Health department accreditation
is a crucial strategy for strengthening public health infrastructure. The purpose of this study was to investigate local health department (LHD) characteristics that are associated with accreditation
-seeking behavior. This study sought to ascertain the effects of rurality on the likelihood of seeking accreditation
through the Public Health Accreditation
Cross-sectional study using secondary data from the 2013 National Association of County & City Health Officials (NACCHO) National Profile of Local Health Departments
Study (Profile Study).
LHDs (n = 490) that responded to the 2013 NACCHO Profile Survey.
Main Outcome Measures:
LHDs decision to seek PHAB accreditation
Significantly more accreditation
-seeking LHDs were located in urban areas (87.0%) than in micropolition (8.9%) or rural areas (4.1%) (P
< .001). LHDs residing in urban communities were 16.6 times (95% confidence interval [CI], 5.3-52.3) and micropolitan LHDs were 3.4 times (95% CI, 1.1-11.3) more likely to seek PHAB accreditation
than rural LHDs (RLHDs). LHDs that had completed an agency-wide strategic plan were 8.5 times (95% CI, 4.0-17.9), LHDs with a local board of health were 3.3 times (95% CI, 1.5-7.0), and LHDs governed by their state health department were 12.9 times (95% CI, 3.3-50.0) more likely to seek accreditation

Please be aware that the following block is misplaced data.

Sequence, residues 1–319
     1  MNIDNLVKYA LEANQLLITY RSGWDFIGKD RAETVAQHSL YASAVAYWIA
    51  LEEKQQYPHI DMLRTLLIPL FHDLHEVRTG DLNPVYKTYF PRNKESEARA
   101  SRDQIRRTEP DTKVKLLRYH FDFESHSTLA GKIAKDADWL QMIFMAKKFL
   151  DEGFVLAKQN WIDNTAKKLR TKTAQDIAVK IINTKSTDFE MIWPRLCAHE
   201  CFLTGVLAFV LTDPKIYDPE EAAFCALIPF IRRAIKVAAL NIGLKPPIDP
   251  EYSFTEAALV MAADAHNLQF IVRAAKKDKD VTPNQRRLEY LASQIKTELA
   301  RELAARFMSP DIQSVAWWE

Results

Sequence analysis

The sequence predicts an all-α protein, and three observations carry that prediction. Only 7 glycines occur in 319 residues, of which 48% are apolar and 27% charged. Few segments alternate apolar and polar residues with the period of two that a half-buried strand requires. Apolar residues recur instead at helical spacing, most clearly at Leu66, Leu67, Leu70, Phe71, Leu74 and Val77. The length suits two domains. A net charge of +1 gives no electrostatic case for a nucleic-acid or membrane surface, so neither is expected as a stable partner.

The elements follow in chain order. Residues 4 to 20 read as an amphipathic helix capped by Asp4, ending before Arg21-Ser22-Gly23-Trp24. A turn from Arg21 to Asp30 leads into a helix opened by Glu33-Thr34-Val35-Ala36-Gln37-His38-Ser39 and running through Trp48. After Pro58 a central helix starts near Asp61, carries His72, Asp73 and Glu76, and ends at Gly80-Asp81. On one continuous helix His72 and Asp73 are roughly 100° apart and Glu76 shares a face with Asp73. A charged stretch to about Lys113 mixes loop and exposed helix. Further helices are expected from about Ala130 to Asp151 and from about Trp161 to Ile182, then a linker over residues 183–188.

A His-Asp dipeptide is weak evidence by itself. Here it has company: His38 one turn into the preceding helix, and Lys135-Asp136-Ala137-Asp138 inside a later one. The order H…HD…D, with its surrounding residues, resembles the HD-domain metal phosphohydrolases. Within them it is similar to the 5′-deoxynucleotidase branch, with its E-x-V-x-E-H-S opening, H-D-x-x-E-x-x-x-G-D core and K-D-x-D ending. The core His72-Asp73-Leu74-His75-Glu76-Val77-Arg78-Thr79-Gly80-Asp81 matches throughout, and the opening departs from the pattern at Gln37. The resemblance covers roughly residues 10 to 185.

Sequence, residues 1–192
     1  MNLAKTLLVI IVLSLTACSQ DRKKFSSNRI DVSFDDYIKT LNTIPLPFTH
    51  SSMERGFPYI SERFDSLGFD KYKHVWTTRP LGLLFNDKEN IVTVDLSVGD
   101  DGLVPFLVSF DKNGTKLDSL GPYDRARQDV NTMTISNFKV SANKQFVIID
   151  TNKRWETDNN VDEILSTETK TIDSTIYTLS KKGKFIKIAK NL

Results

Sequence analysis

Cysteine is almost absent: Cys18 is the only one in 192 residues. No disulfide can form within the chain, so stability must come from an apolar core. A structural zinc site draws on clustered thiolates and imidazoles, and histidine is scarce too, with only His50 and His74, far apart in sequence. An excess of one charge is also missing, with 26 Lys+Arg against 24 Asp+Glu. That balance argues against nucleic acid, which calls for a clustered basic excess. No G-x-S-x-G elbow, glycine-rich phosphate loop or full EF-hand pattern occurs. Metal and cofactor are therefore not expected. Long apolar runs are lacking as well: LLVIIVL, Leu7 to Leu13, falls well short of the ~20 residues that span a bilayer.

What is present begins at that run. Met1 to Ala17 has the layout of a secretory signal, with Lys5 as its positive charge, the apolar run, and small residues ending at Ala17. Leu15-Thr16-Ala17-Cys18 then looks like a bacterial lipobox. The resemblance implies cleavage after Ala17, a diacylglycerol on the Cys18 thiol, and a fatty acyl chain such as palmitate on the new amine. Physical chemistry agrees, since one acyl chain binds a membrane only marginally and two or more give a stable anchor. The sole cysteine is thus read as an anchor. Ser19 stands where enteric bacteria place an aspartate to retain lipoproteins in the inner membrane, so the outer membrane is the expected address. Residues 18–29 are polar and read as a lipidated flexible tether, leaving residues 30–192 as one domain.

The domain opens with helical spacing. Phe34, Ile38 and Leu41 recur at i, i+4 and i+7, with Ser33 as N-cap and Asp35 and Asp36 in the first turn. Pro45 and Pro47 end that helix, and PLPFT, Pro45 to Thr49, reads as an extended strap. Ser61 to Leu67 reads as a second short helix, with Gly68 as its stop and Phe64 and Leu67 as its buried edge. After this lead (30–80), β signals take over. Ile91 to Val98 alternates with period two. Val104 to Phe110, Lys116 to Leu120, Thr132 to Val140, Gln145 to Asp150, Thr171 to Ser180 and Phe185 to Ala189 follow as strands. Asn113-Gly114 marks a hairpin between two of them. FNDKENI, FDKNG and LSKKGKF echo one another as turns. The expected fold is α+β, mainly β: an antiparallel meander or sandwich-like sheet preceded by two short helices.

. The most commonly cited barrier was time and effort required for accreditation
application exceeded benefits (73.5%).
The strongest predictor for seeking PHAB accreditation
was serving an urban jurisdiction. Micropolitan LHDs were more likely to seek accreditation
than smaller RLHDs, which are typically understaffed and underfunded. Major barriers identified by the RLHDs included fees being too high and the time and effort needed for accreditation
exceeded their perceived benefits. RLHDs will need additional financial and technical support to achieve accreditation
. Even with additional funds, clear messaging of the benefits of accreditation
tailored to RLHDs will be needed.